Graphics card-wise, the cheaper but less capable Radeon RX 470 and 3GB GeForce GTX 1060 aren’t satisfying virtual reality options, full stop. You can always splurge for a more potent card than the Radeon RX 480, but that flies in the face of crafting a budget build. On the processor side, the $118 FX-6350’s an aging favorite of price-conscious PC gamers, but you’d need to spend a lot more to upgrade to a more powerful Intel system. Intel CPUs that cut the mustard for VR start at $180 on Amazon, and Intel Core-compatible motherboards cost much more than their AMD AM3+ rivals, too. Simply put, Intel would shatter the budget of this budget build.
Then again, if you’re planning on buying a $600 to $800 VR headset, spending a bit more for additional future-proofing may be worthwhile to you. That’s up to you and your wallet.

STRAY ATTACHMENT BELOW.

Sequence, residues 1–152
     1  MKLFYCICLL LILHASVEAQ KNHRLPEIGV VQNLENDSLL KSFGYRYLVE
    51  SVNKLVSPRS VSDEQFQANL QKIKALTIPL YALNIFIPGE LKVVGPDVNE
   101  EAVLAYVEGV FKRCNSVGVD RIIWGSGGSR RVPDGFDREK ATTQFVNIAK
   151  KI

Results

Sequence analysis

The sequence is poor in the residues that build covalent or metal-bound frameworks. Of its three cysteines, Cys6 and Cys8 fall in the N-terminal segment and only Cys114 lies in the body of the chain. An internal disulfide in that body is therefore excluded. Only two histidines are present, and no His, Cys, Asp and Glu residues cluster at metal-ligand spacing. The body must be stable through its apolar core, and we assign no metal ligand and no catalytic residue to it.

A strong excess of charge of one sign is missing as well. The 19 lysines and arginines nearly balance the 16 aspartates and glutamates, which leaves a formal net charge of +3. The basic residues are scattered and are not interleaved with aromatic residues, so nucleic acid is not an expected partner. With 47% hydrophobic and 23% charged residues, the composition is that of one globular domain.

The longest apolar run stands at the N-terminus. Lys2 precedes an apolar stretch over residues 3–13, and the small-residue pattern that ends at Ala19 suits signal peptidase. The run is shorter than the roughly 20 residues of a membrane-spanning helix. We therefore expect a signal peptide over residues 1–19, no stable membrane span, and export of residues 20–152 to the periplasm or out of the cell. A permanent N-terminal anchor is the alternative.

But forget about cobbling together a whole PC.
The most exciting part of this whole endeavor was discovering that yes, despite being a bit long in the tooth and nowhere near as powerful as Intel’s Core i5 processors in a vacuum, the people’s champion FX-6350 is utterly capable of handling virtual reality workloads. That may change in the future if CPU-intensive AAA games descend on the Vive and Rift in droves—though DirectX 12’s expanded multi-core capabilities could help on that front, as the FX-6350 packs six cores.
AMD powers about a quarter of all PCs connected to Steam, and chips like the FX-6350 and FX-8350 ($146 on Amazon) are beloved by PC gamers on a budget. This system proves not only that VR-ready PCs can be built for significantly less than most people think, but that a horde of FX-packing PC gamers are just a $200 Radeon RX 480 graphics card upgrade away from being able to experience virtual reality. That’s eye-opening.
Then again, the sky-high cost of the HTC Vive and Oculus Rift are just as eye-opening—but that’s a whole other article.
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